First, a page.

New American Paintings/Blog


Other Voices: Robert Baribeau by New American Paintings
May 25, 2012, 9:01 am
Filed under: Other Voices | Tags: , ,

In the countryside north of NYC Robert Baribeau has been feverishly at work on a thirty-year exploration of the impact of landscape and place on abstraction. He is the measure of what he purveys and so his canvases and paintings on paper are simple declarations or essays on the way in which all aspects of nature can be construed through color, form and texture.  While for some painters nature is translated in terms of representation or naturalism, Baribeau measures landscape through the dynamics of color and texture.


Robert Baribeau | Field Series, Untiled 466, 2003, mixed media on paper mounted on canvas, 51 1/2 x 73 inches
Courtesy Allan Stone Gallery, New York

Of course Baribeau’s landscapes are seen through the temperament and eye of a home grown abstract painter, someone whose roots are among the mystical painters of the Northwest of the 50s-he is from Aberdeen WA after all and the later stages of the New York School of the 60s. His paintings are a synthesis of sources perhaps influenced by the early Ab Ex works of Grace Hartigan, who also recorded the impression of places through striking colors on large canvases or the later abstract distillations of Joan Mitchell whose eye and palette were attuned to her years in France and working near Monet’s garden in Giverny.

Transplanted to the lower Hudson River Valley he is certainly not revitalizing the 19th century school of painting but though recognizing the sublime power inherent in nature and therefore finding pictorial equivalents of color and sign to match its wonder and chaos. – Read more by Michael Klein, NAP Contributor, after the jump.


Robert Baribeau | Field Series, Untitled 534, 2004, mixed media on paper, 60 x 44 inches
Courtesy Allan Stone Gallery, New York

Baribeau’s latest paintings make me think of the late Twombly—bright, raw yet accomplished. What if Twombly had stayed in the US; what would his paintings looked like and the subject matter been about? Would the banks of the Hudson River been as impressive as the sea at Sperlonga?  Would Twombly embrace the literary myths of Washington Irving and James Fennimore Cooper?  Without using words Baribeau certainly has invoked those writers’ legends in the torrents of paint he shrouds a verdant landscape.


Robert Baribeau | Millbrook Series #17, 2012 mixed media on canvas, 24 x 30 inches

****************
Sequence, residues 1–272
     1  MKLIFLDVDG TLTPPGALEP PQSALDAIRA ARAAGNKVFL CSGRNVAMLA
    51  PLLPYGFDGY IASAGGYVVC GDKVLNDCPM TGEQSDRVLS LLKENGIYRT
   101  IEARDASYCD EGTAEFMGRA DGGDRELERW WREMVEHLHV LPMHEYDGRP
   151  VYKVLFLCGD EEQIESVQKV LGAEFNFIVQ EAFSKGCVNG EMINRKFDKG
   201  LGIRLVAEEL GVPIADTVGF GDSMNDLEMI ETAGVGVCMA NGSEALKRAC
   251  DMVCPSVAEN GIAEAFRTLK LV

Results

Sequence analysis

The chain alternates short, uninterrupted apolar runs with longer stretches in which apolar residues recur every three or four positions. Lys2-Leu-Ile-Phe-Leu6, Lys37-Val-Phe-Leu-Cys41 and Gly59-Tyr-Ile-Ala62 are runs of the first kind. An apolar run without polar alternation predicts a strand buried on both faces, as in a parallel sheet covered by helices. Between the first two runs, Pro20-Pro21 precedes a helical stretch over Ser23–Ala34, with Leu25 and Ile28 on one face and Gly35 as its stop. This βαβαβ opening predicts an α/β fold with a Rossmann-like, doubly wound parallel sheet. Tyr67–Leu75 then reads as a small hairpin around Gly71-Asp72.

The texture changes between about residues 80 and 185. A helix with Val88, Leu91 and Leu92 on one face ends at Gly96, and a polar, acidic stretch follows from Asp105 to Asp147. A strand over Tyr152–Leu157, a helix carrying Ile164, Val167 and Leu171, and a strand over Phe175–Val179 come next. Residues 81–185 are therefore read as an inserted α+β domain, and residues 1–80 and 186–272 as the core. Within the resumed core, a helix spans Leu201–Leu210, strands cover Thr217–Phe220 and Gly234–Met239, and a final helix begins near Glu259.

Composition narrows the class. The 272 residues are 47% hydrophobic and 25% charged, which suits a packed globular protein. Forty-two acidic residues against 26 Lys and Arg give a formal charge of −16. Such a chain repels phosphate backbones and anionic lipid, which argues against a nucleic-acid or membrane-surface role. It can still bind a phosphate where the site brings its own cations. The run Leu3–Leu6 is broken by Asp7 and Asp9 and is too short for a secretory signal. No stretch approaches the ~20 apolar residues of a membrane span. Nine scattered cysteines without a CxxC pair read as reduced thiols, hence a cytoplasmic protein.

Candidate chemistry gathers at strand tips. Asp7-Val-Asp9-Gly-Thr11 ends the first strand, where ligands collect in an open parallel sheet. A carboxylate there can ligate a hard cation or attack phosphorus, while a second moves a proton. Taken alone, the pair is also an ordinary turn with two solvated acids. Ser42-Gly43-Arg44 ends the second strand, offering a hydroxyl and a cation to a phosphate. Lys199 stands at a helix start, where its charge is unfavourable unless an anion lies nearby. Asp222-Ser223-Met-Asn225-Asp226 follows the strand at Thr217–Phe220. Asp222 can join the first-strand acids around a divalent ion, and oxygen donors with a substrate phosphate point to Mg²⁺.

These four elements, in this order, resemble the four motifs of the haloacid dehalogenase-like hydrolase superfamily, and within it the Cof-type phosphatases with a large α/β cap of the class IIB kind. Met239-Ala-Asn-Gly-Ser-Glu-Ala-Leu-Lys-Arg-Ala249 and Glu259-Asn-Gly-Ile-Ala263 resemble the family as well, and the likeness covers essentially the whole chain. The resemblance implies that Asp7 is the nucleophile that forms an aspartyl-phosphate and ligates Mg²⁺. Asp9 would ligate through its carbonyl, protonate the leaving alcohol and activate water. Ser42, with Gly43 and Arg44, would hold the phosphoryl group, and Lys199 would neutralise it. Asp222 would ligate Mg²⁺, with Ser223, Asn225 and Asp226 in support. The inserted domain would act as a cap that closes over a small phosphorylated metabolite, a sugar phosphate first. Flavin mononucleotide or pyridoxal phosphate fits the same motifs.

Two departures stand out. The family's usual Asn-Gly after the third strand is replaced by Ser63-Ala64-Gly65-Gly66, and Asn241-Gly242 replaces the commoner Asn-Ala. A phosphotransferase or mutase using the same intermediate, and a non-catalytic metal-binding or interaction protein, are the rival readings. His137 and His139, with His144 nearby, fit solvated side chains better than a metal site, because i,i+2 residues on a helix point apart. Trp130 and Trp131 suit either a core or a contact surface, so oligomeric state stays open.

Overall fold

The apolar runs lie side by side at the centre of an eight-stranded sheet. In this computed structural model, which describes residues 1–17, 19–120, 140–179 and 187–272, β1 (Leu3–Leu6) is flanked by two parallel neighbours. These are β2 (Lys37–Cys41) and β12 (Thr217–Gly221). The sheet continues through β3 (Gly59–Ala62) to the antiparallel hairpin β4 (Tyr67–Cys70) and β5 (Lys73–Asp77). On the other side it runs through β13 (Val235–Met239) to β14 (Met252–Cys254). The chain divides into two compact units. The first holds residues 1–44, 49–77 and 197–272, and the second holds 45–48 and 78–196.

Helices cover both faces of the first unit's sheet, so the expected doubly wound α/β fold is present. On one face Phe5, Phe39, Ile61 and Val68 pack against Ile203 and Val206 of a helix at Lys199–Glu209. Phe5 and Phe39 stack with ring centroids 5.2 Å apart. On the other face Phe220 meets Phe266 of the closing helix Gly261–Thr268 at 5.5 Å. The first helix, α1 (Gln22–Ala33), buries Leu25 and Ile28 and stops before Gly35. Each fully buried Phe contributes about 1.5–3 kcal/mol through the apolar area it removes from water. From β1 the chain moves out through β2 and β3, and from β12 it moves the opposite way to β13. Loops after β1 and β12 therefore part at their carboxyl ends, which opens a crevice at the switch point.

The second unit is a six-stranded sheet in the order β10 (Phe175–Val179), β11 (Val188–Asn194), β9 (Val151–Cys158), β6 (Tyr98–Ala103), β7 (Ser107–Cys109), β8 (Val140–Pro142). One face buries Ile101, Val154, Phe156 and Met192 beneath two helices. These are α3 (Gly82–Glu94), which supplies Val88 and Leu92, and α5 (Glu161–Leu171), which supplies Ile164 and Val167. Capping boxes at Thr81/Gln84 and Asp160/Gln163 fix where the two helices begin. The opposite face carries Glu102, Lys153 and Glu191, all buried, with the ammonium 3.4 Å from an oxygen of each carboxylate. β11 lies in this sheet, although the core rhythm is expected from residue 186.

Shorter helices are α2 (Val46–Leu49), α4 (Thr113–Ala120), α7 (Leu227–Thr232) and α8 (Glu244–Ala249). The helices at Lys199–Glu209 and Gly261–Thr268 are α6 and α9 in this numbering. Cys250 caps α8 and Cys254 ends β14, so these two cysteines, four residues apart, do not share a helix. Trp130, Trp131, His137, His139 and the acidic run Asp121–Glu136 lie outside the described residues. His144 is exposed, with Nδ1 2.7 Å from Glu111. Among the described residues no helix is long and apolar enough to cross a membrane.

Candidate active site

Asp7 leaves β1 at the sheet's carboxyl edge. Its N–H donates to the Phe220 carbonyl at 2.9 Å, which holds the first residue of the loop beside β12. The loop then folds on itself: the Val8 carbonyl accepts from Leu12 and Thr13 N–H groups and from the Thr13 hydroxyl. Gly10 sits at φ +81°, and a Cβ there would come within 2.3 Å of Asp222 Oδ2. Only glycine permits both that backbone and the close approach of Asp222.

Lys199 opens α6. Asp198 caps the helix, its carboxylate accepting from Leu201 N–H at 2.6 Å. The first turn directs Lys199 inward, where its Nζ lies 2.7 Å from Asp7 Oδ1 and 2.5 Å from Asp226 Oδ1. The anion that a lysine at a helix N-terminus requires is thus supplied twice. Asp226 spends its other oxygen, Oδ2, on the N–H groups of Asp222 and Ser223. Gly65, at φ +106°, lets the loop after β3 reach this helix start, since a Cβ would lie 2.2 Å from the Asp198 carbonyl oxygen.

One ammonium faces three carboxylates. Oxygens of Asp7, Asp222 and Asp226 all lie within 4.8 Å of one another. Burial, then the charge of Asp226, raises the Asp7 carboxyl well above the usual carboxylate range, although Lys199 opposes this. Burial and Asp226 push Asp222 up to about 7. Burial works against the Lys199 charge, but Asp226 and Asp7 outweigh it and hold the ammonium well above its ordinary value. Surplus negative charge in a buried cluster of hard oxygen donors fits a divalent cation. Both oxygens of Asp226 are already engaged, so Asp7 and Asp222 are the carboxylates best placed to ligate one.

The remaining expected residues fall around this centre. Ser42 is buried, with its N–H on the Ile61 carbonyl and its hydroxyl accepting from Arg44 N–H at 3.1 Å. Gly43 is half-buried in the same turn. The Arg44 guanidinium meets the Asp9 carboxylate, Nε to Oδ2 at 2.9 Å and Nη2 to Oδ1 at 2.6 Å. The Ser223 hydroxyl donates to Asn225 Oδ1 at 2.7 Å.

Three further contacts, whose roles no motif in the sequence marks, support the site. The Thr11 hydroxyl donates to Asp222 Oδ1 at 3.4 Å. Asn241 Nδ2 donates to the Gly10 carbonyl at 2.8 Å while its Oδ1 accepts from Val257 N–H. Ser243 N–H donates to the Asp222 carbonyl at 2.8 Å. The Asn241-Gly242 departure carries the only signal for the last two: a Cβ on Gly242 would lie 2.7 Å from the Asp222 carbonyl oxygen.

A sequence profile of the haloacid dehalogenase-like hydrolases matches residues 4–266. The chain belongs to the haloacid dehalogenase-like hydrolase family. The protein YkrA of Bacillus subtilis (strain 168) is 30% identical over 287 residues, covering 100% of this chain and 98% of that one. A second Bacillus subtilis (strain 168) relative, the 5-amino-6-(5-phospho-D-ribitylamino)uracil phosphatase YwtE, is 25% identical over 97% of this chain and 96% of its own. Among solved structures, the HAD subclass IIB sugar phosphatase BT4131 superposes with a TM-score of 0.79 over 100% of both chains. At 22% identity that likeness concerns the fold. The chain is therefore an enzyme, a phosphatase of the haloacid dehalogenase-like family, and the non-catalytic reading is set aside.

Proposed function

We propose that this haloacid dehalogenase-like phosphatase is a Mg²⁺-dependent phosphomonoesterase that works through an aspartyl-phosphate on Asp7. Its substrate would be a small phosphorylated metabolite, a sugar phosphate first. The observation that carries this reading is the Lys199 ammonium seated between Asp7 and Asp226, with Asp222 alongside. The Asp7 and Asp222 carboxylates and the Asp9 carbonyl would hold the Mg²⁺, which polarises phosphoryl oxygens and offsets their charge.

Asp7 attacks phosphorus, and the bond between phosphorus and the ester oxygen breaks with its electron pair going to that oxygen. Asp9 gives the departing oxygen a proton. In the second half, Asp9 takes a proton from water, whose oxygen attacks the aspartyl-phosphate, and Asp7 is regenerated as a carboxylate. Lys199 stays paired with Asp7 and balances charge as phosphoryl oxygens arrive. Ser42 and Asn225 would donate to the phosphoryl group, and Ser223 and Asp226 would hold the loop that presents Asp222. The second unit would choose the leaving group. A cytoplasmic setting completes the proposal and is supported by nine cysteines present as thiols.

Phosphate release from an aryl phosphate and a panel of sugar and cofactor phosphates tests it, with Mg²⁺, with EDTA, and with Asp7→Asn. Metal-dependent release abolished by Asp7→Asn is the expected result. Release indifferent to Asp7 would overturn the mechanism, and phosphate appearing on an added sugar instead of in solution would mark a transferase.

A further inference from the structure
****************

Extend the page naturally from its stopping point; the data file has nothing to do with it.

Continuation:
Courtesy of the artist

Baribeau too is primed for intense colors, an ever-changing spectrum of vibrant hues that distinguish these paintings; colors like nature explode. He is not trumped by the seasons instead each season translates into its own palette. Night, day, winter, spring, find their way onto canvases though everything in Baribeaus world remains strikingly untitled. This sense of season and locale certainly characterizes his Field Series where the land is presented as bands of horizontal stripes of color and paint, earmarked by scrawled symbols of trees and flowers. Interwoven within the paint are bits of collage: he uses cloth, wallpaper, maps, all tactile visual reminders of place.  These are kinds of topological maps of the terrain mixed with the effects of weather, the absolute pure white of the first snowstorm of the season, or the orange reds of sunsets in the fall.

Similarly the next body of works his Millbrook Series, a series begun in 2010 is built on the same ideas but now the paint and painting is frenetic thick pushed into place as if to make room for everything at once.  Nature is not just copied she seems to works in tandem with the artist scrapping across the canvas like a storm leaving behind marks, slashes, and great clots of paint. It’s as if Hofmann’s dictate, his push and pull theory came to life through separate runs of paint. The ensuing pictures are built. They are formed and therefore have a kind of nucleus in the foreground-tree, lake, hill-which is then balanced against a background of series of hues layered as flat bands of thick color. The emphasis again placed on reproducing in a totally abstract language the character of this location in the woods; translating wind, rain, light, cold and heat into spirited, energetic and  seemingly random patterns of molten color.